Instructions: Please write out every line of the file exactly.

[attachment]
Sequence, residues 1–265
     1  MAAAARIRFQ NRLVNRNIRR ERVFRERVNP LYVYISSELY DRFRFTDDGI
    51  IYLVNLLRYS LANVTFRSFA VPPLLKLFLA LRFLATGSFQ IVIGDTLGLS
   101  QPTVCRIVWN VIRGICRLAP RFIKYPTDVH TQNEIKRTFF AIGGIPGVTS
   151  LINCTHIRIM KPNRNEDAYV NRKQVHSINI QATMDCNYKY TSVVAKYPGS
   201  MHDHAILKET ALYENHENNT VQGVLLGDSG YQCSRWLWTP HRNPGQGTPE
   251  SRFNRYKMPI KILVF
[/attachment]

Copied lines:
Sequence, residues 1–265
     1  MAAAARIRFQ NRLVNRNIRR ERVFRERVNP LYVYISSELY DRFRFTDDGI
    51  IYLVNLLRYS LANVTFRSFA VPPLLKLFLA LRFLATGSFQ IVIGDTLGLS
   101  QPTVCRIVWN VIRGICRLAP RFIKYPTDVH TQNEIKRTFF AIGGIPGVTS
   151  LINCTHIRIM KPNRNEDAYV NRKQVHSINI QATMDCNYKY TSVVAKYPGS
   201  MHDHAILKET ALYENHENNT VQGVLLGDSG YQCSRWLWTP HRNPGQGTPE
   251  SRFNRYKMPI KILVF